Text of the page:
|Publication number||US7535990 B2|
|Application number||US 11/615,639|
|Publication date||May 19, 2009|
|Filing date||Dec 22, 2006|
|Priority date||Dec 22, 2006|
|Also published as||US20080152084|
|Publication number||11615639, 615639, US 7535990 B2, US 7535990B2, US-B2-7535990, US7535990 B2, US7535990B2|
|Inventors||Mortenza Safai, Gary Georgeson|
|Original Assignee||The Boeing Company|
|Export Citation||BiBTeX, EndNote, RefMan|
|Patent Citations (13), Referenced by (8), Classifications (10), Legal Events (2)|
|External Links: USPTO, USPTO Assignment, Espacenet|
This disclosure relates to imaging. More particularly, this disclosure relates to the provision of visual information correlated to x-ray data to improve inspection of certain structures such as aerospace structures.
With the increasing use of unitized and complex aerospace structures, there is a critical need for technologies that allow for Non-Destructive Inspection (NDI) in locations of the structure that are not easily accessible. Limited Access NDI (LANDI) is an emerging field of interest being pioneered to support programs such as Sea Launch, and the Boeing 787 aircraft. Utilizing innovative LANDI approaches, ultrasonic, visual, and x-ray techniques, among others, can be applied to composite and metal aircraft sub-structure.
X-ray inspection methods are often the most suitable for certain structures, due to the type or size of defects or damage that must be found, or the nature of the structure or material under inspection. The problem is that interpretation of the x-ray data taken in a limited access area (such as a hat stiffener on the 787 fuselage) is very difficult because the area cannot be seen with the naked eye or traditional cameras.
A capability of providing visual information that directly correlates to the x-ray data would provide several key advantages. Precise visual information is extremely advantageous when determining the location, size, and shape of defects or damage. Many features on an x-ray image may be mis-identified as defects or damage, but may simply be surface features due to manufacturing processes or foreign objects. The depth of the feature on an x-ray image may require multiple shots, using parallax principles. However, visual inspection of the area would often eliminate the need for multiple shots (also reducing x-ray exposure), if the feature is actually on the surface.
There are no techniques currently in existence that correlate x-ray data with visual information to achieve the advantages listed above. Optical borescopes exist that can provide remote visual inspection within structures. However, even if they were to be attached to an x-ray detector to provide visual information, there would be no adequate way to directly correlate the visual and x-ray images. Positioning of cameras that might provide better correlation is not possible for limited access areas, due to limited head space.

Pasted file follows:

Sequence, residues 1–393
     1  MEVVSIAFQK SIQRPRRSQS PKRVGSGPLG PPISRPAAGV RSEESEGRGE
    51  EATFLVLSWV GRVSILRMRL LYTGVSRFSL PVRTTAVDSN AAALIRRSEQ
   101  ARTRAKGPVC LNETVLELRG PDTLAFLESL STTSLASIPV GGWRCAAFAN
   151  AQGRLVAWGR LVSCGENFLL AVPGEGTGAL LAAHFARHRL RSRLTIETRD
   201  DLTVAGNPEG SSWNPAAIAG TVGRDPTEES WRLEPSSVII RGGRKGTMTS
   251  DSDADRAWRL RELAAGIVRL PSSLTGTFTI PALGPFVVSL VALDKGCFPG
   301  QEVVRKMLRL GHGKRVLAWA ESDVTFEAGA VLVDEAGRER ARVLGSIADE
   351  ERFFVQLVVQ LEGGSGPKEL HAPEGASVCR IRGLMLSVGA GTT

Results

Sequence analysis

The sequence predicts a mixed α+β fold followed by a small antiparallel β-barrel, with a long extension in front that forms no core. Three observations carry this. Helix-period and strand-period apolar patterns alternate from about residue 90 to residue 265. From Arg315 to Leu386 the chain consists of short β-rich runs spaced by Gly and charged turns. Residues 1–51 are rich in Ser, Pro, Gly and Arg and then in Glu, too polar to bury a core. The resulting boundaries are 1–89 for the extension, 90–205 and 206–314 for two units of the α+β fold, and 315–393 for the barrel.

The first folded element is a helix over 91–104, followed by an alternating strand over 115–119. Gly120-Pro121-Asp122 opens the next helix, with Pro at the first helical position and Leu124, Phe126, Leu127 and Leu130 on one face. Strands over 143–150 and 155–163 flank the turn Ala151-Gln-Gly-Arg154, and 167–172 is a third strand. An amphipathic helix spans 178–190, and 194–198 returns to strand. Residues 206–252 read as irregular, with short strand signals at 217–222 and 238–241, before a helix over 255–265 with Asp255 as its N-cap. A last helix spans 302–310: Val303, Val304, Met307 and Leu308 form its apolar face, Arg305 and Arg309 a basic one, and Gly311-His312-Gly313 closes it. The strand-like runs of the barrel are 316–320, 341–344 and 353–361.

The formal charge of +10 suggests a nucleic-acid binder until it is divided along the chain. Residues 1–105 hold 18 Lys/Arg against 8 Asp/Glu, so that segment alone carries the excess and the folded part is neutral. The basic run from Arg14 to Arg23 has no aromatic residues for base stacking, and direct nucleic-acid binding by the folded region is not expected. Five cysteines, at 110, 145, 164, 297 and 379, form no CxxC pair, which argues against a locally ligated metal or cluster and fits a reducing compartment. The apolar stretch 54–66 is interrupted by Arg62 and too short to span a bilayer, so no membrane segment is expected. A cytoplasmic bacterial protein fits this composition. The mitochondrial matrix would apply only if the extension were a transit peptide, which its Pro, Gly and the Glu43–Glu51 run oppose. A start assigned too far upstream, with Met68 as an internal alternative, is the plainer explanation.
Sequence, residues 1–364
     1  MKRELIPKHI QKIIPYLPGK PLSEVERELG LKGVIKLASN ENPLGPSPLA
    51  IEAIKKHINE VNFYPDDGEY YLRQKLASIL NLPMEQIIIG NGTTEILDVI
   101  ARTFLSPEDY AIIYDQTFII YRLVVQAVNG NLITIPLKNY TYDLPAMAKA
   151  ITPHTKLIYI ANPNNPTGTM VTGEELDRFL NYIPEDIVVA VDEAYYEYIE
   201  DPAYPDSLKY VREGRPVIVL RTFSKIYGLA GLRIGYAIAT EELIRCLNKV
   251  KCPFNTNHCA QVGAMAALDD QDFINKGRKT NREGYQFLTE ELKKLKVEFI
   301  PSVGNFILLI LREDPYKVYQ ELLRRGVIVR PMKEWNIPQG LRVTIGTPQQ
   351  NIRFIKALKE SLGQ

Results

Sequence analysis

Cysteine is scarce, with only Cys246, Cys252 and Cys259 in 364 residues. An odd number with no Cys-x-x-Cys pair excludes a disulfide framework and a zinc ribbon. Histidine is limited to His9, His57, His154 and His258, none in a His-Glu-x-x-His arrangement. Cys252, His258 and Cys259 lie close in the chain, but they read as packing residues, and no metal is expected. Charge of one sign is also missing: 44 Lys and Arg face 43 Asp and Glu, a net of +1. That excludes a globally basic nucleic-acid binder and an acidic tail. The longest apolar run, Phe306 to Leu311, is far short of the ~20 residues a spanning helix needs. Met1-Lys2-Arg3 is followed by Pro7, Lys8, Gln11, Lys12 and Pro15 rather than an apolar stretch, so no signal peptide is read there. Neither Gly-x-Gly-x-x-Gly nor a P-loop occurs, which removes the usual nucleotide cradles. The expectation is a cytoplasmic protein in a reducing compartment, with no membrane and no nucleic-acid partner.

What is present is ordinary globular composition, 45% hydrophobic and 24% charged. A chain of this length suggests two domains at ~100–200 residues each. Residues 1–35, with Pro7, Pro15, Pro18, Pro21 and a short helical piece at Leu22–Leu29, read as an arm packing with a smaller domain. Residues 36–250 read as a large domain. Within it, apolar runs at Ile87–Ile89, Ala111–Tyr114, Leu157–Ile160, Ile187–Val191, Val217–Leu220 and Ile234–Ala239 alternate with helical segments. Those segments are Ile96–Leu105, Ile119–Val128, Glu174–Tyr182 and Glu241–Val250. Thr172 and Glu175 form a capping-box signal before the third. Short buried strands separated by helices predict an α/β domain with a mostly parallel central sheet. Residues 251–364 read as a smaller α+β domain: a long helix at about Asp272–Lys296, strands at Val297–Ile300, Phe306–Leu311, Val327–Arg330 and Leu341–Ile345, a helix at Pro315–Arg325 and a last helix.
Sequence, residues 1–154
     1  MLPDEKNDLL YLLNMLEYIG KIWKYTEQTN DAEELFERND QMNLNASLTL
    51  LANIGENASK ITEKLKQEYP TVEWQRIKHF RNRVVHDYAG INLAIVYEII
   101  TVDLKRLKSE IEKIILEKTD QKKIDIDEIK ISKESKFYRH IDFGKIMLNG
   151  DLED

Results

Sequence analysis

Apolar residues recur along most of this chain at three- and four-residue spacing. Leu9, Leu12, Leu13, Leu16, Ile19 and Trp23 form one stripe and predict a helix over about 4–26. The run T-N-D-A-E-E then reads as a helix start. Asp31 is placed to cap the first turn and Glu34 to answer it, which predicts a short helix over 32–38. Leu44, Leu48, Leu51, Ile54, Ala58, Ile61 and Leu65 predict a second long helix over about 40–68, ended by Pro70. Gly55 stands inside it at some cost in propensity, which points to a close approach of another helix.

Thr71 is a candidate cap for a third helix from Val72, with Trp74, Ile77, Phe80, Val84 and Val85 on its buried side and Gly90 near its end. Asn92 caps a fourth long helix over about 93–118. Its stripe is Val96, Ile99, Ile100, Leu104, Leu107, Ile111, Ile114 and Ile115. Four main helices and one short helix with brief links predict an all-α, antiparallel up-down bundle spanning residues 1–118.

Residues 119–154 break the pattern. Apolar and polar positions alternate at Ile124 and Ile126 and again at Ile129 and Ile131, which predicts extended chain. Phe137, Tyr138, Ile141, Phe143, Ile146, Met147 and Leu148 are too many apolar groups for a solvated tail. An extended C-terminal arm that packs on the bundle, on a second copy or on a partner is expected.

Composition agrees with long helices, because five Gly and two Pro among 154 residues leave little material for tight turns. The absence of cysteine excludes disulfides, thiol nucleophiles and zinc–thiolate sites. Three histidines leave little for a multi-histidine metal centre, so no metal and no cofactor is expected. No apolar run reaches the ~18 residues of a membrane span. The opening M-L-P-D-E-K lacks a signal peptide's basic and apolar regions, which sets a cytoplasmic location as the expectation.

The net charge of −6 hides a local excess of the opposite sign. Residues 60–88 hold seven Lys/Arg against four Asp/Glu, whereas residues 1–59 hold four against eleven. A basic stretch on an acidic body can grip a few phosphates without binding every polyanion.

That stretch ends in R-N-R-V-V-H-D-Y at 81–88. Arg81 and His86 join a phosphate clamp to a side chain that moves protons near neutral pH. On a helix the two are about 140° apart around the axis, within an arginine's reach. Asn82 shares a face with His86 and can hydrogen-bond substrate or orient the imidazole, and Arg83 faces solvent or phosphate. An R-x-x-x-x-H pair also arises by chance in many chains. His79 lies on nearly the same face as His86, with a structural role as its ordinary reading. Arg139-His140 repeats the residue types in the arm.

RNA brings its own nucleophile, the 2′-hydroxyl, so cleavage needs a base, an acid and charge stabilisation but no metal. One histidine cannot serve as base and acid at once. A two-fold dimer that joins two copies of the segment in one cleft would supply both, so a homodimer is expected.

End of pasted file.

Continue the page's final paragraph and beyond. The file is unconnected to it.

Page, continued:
This invention provides real time optical (visual) inspection during limited or remote access x-ray inspection. It allows superimposition of the x-ray and visual images, offering significant improvement in data interpretation.
The invention is not limited to any particular form of x-ray detector. In the example of the invention shown in
The scintillator array 16 receives x-rays and converts the x-rays into light. The detector array 18 converts the light output of the scintillator array 16 into electrical energy corresponding to the magnitude of the x-rays falling on the detector 10. The electrical output of the array 18 is transmitted on a cable 30 to an image storage and display device. The image storage and display device may be a programmed digital computer having a display that can show an image of the part being inspected.
In this example of the invention, a thin coating 23 is applied to the front side 14 of the x-ray detector 10. This coating 23 is highly optically reflective, and acts as an optical mirror. The specific chemical composition of the coating is not critical as long as it is transparent to x-rays and optically reflective. Examples of materials that may be used as the coating 23 include silicon oxide and alumina.